WASHINGTON DC —
A landmark ruling delivered Monday by the African Commission on Human and People’s Rights in Banjul, the Gambia, says Zimbabwe should allow its citizens in the diaspora to vote in the forthcoming constitutional referendum and national elections expected in July.
The Zimbabwe Lawyers for Human Rights had filed an application with the commission on behalf of Zimbabwe Exiles Forum director Gabriel Shumba, Kumbirai Tasuwa Muchemwa, Gilbert Chamunorwa, Diana Zimbudzana and Solomon Sairos Chikowero complaining that Harare only allowed embassy staff and others working for international organizations to cast ballots during national elections.
It’s not clear whether Harare will implement the ruling.
Zanu-PF has in the past said it is tied by sanctions imposed on President Robert Mugabe and his close associates claiming that these measures stop its party leaders from accessing the diaspora community as would the two Movement for Democratic Change formations.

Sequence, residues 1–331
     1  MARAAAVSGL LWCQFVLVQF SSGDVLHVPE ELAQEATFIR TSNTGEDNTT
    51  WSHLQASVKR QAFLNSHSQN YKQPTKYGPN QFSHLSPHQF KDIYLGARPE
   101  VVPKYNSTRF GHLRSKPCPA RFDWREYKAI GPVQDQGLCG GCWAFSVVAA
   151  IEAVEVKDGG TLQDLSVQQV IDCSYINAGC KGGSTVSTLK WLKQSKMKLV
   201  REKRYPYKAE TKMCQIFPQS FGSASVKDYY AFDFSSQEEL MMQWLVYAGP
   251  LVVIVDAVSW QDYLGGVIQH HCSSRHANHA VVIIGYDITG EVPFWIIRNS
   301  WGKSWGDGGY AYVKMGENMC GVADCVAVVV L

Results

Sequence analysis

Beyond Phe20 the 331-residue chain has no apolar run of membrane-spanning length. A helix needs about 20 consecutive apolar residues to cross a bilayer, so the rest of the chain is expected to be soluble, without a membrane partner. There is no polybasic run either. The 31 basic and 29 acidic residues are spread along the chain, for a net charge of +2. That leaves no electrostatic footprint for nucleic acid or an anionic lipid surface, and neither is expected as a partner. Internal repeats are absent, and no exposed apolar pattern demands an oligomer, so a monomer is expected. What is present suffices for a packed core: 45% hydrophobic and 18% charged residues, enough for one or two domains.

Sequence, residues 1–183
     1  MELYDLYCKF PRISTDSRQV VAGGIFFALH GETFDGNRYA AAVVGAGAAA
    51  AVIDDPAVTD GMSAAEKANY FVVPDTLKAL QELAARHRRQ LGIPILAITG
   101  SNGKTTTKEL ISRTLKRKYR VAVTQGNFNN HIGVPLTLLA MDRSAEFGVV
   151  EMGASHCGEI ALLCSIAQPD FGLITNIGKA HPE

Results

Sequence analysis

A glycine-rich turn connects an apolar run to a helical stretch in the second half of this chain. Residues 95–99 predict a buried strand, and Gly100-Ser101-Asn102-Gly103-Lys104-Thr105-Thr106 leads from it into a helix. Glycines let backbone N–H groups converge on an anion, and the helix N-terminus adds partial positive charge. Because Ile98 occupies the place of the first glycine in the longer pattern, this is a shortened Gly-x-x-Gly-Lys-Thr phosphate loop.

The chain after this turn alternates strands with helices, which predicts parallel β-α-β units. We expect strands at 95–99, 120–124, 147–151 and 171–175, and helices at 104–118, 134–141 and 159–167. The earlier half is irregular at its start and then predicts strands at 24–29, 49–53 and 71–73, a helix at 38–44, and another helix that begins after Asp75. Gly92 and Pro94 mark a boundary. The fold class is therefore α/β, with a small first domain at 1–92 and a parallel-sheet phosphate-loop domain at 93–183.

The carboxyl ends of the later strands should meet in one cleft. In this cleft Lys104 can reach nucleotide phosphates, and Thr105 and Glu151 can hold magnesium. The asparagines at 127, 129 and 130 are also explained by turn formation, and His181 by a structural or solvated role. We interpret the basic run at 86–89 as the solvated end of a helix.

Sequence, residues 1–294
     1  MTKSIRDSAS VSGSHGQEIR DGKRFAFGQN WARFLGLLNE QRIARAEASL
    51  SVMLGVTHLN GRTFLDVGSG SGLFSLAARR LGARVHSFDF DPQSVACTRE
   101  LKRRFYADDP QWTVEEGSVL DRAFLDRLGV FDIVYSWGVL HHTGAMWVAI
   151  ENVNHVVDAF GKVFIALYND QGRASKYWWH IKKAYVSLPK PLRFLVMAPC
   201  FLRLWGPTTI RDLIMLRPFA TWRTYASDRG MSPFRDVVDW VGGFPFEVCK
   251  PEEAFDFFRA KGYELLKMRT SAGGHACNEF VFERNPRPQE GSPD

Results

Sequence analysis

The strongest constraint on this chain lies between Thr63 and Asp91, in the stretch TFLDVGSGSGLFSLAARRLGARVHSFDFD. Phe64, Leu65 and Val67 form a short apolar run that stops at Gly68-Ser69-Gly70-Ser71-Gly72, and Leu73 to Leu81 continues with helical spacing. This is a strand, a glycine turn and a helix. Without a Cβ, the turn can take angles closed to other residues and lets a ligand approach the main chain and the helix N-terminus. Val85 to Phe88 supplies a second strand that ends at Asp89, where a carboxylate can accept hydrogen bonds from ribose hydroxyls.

A team of Southern African Development Community electoral observers headed by Bernard Membe is already in the country to assess the situation on the ground. The team has been meeting with representatives of political parties.
Zimbabwe Lawyers for Human Rights spokesman Kumbirai Mafunda said the ruling is great news for Zimbabweans in the diaspora.